Stories of Resilience: The Lampley Family

We're sharing the Lampley family’s story as part of our Raising Resilience initiative, which equips caregivers with tools to teach kids how to cope with challenges, manage stress and ultimately make healthy choices throughout their lives.

Atlanta-based Sarah Lampley and her husband Lewis have 3 sons, and they always felt that they wanted another baby. After 4 years of struggling with infertility, Sarah got pregnant in 2021 with a baby boy, Legend. But at 38 weeks, Sarah experienced a placental abruption, and Legend was delivered stillborn. Through the devastating loss of Legend, the Lampley family has redefined what it means to be resilient—that resilience doesn’t mean you won’t go through emotional pain, but that it helps you manage it better. 

"Resilience doesn't mean that you won't go through emotional pain. It just helps you learn how to better manage it." - Sarah Lampley

Teaching kids how to recognize and express their feelings is an important step in helping them build resilience (the ability to handle life’s ups and downs). Through their grief, Sarah and Lewis have helped their older boys build resilience by encouraging them to feel whatever they feel in the moment, and to talk to somebody about how they’re feeling—whether it’s their parents, brothers or friends. These regular feelings check-ins are simple and happen in everyday moments, like family bike rides and hikes. Sarah and Lewis have also learned to be positive role models by sharing what they feel with their kids, which has helped the whole family to be more open about their feelings.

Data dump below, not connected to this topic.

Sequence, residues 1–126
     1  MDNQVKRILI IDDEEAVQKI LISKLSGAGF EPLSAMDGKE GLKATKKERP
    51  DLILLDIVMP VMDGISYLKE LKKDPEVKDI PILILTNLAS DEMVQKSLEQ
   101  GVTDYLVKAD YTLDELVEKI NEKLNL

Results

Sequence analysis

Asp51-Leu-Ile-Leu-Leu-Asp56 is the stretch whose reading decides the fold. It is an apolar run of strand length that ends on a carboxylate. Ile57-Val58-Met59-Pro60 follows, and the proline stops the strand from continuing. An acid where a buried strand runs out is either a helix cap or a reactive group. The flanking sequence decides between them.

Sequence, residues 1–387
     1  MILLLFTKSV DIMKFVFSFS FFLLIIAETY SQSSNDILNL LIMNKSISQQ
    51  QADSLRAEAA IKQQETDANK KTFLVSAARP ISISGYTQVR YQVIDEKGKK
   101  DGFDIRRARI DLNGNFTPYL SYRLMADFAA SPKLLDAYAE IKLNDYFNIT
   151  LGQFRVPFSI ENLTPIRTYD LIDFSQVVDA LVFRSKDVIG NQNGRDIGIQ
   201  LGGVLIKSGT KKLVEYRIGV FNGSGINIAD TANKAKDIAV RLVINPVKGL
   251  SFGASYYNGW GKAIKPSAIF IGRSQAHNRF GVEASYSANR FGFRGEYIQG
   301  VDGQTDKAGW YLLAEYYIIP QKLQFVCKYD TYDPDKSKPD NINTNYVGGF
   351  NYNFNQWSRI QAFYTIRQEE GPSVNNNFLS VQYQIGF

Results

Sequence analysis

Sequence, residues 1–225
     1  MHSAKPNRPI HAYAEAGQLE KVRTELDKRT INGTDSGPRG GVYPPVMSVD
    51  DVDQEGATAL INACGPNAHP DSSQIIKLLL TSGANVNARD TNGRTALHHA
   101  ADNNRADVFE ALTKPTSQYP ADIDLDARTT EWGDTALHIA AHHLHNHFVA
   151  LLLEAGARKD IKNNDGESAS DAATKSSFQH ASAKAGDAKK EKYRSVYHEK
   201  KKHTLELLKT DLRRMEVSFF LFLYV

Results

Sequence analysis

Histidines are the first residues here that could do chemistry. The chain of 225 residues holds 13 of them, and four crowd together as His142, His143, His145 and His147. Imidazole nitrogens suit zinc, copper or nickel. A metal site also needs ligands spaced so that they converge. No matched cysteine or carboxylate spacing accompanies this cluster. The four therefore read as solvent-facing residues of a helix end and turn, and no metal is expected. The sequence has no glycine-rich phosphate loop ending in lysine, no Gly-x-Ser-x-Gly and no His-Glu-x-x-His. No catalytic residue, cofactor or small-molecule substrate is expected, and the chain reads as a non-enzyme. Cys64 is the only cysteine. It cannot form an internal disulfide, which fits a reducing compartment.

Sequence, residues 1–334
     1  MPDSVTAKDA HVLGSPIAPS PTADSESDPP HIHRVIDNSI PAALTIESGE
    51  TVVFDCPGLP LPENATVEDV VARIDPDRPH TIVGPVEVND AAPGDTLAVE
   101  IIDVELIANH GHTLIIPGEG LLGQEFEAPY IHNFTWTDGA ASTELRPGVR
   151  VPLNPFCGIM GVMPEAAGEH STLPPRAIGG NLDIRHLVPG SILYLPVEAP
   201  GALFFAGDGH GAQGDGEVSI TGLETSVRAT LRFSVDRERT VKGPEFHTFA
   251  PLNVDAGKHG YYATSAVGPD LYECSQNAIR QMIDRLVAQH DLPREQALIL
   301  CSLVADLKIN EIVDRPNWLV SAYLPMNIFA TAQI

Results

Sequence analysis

Grief is a journey and looks different for everyone, but for the Lampleys, talking openly about feelings—for the kids and grown-ups alike—has helped them all cope.

Kids aren’t born knowing how to identify, express and manage (or cope with) their feelings. It’s something they need to learn how to do and practice over time. Here are a few simple ways you can help: 

  • Build their feelings vocabulary by encouraging your child to use specific feelings words. Instead of “mad,” help them find out what lies underneath the anger. Are they disappointed, hurt or embarrassed?
  • Model how to share feelings. Your child looks to you as an example at every age. When appropriate, share what you’re feeling with your child to show them that feelings are normal and OK to talk about.
  • Provide different options for expression. Sometimes kids aren’t ready to talk, and that’s OK. Encourage them to use other forms of expression, such as journaling or creating art.
  • Teach and practice coping skills. Whether it’s being active, listening to music or deep breathing, practicing healthy coping skills regularly can help reduce (and sometimes prevent) stress. 


If you’re already doing some of these things, that’s great. If not, it’s never too late to start. To learn more about building resilience in your child, check out our Raising Resilience initiative. 

Call or text 988 if you or a loved one are experiencing thoughts of suicide, self-harm or any mental health crisis. You can also chat or text for support by downloading the MyGCAL app in the App Store. Any thoughts of suicide should be taken seriously.